Let Me Feed You San Francisco

August 17, 2012

San Francisco – all I will say about this extremely pretty and fun-loving city is that the song by Scott McKenzie about wearing flowers in your hair is seriously misleading – the wind that is so prevalent in the summer here will blow them away within minutes! Geez Scott, did you ever even go to San Fran?? Apart from that, great song, great city.
I feel that I really need to crack on and finish these posts on the US so that I can get to writing about the many places in Melbourne I have notes and photos for but haven’t had the time to write about yet – so these last two posts will be somewhat brutally succinct (by my standards, anyway).

Sushi Sebo

517 Hayes St, Hayes Valley

Sushi Sebo is where I had the best sushi of my life. I won’t go into too much detail, but I heard about the place from Anthony Bourdain’s episode on San Fran, so knew I was in good hands. The chefs, while not Japanese, have trained in Japan and by god are they good with their raw fish! Each piece was beautifully presented, expertly cut and the fish all had distinct tastes.

My friend M and I had dinner here on our first night in the city, and while somewhat out of the way from the city centre, it’s well worth the trip!

Top L-R: uni (sea urchin) from Santa Barbara, kohada (gizzard shad), hotategai (scallop).
Bottom L-R: mystery fish that I cannot identify but that was yummy, Shimaaji (striped jack), Buri (mature yellowtail), Mebachi maguro (big eye tuna).

My favourite by far was the sea urchin, a new gastronomic experience for me. I admit I had some premonitions of unpleasant textures or smells, but was instantly proved wrong. The best way I can describe it is as fatty, creamy, jiggly sex on rice; sea urchin sushi will blow your mind.

I enjoyed my first plate so much I ordered three more pieces, which were equally refreshing and tasty.

L-R: Buri (mature yellowtail), Iwashi (wild sardine), uni (sea urchin).

Thank you Sushi Sebo for an eye opening experience into what great sushi really tastes like!

Then M and I went and shared a few beers in the pub across the road, which was laid back and buzzing with young people. Perfect end to the evening!

Mama’s

Washintson Square (cnr Stockton and Filbert St), North Beach

The next morning we power walked through Chinatown and up through North Beach. The two of us were on a mission; a mission to Mama’s! As you can see, Mama’s on Washington is rather popular at breakfast time, serving up classic American dishes. While classier than a diner, old stalwarts like pancakes and omelettes feature heavily on the menu.

Inside, the place is brightly lit with natural light and has a casual, homely feel. We queued for about 45 minutes, before being let inside to place our order at the bar and then being taken to our table. The clientele were a good mix of young people and families, and our waiter was particularly attractive (always a bonus).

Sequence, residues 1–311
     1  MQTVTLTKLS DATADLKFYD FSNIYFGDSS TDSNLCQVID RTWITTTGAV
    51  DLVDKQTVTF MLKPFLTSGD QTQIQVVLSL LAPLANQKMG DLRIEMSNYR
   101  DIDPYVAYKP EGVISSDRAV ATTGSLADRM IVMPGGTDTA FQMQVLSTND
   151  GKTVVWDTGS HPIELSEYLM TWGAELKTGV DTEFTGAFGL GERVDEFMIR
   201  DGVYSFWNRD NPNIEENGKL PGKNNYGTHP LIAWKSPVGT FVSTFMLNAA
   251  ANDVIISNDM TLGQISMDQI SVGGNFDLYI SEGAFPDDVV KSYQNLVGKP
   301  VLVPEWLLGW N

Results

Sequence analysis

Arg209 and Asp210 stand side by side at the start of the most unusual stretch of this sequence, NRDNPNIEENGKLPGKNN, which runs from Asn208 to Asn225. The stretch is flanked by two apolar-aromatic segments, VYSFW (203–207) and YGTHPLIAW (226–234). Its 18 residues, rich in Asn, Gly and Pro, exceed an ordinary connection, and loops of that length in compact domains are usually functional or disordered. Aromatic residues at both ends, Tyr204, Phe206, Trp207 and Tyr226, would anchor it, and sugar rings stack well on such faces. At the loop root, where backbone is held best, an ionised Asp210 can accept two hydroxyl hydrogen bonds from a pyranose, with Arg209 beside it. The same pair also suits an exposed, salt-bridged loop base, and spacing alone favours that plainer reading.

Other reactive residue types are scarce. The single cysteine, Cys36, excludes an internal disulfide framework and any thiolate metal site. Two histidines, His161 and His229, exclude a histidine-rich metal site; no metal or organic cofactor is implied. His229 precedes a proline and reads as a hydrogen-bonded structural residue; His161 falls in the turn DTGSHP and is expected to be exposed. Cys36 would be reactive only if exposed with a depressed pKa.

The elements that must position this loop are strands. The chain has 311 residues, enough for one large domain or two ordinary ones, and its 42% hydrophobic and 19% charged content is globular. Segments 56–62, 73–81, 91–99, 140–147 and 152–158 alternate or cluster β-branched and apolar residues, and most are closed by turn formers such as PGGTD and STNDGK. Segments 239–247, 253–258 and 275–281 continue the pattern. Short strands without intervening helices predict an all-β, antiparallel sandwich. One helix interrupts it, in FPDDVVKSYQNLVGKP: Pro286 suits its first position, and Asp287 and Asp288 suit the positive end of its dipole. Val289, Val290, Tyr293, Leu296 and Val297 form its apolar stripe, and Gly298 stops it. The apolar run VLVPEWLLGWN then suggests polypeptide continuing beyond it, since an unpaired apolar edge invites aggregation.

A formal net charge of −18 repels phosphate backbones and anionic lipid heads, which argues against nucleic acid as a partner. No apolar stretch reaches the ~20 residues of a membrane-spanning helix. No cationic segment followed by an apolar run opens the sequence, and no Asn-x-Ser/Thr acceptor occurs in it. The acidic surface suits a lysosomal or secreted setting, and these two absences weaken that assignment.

I maintain that it is near impossible to photograph an omelette and make it look interesting. Nonetheless, here is my tasty crab omelette with fresh tomato and avocado, plus some home-style potatoes (what’s the deal with Americans and serving potatoes with every breakfast meal?). Can I just say, there was a TON of crab in here (if interpreting this literally, keep in mind I have an appalling sense of metric weight), plus the fresh tomato and avocado kept things light.

M also had an omelette but I cannot for the life of me remember what was in it apart from that it was delicious. Special mention also to the fresh and sweet orange juice – nothing like a Californian orange!

Then we shared some incredible blueberry pancakes for breakfast dessert. Then we never ate again. Ever.

Liguria Bakery

1700 Stockton St, North Beach

So I lied about the not eating again ever (surprise!).

Across the road from Mama’s is Liguria Bakery, and all they sell is focaccia. Inside, the place is empty apart from a long white marble bench with a lady sitting at one end. On the wall is a small blackboard with a simple list of options: onion, tomato, rosemary, olive, garlic, rosemary and garlic. Devastatingly simple. You simply pick which one you want, and the lady goes to the large back room of the bakery where there is an old brick wood fired oven and deftly slices up a huge piece for a meagre $5.

We ordered the garlic and rosemary and ate it later in Sausolito after cycling across the Golden Gate Bridge. It was bloody delicious, and reminded me of being in Italy. I love the puckered look of focaccia bread, and the heady taste of quality olive oil made all the difference.